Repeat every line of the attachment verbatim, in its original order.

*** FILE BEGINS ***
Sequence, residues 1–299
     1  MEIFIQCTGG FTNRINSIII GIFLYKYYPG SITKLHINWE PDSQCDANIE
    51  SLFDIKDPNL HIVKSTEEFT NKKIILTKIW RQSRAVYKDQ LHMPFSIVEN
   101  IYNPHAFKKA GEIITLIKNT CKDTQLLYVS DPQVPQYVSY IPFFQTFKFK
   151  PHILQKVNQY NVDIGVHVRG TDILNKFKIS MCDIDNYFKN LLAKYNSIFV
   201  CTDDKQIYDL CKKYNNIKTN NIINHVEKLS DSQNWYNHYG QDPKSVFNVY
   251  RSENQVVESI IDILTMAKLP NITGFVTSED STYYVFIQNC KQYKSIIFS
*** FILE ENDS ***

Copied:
Sequence, residues 1–299
     1  MEIFIQCTGG FTNRINSIII GIFLYKYYPG SITKLHINWE PDSQCDANIE
    51  SLFDIKDPNL HIVKSTEEFT NKKIILTKIW RQSRAVYKDQ LHMPFSIVEN
   101  IYNPHAFKKA GEIITLIKNT CKDTQLLYVS DPQVPQYVSY IPFFQTFKFK
   151  PHILQKVNQY NVDIGVHVRG TDILNKFKIS MCDIDNYFKN LLAKYNSIFV
   201  CTDDKQIYDL CKKYNNIKTN NIINHVEKLS DSQNWYNHYG QDPKSVFNVY
   251  RSENQVVESI IDILTMAKLP NITGFVTSED STYYVFIQNC KQYKSIIFS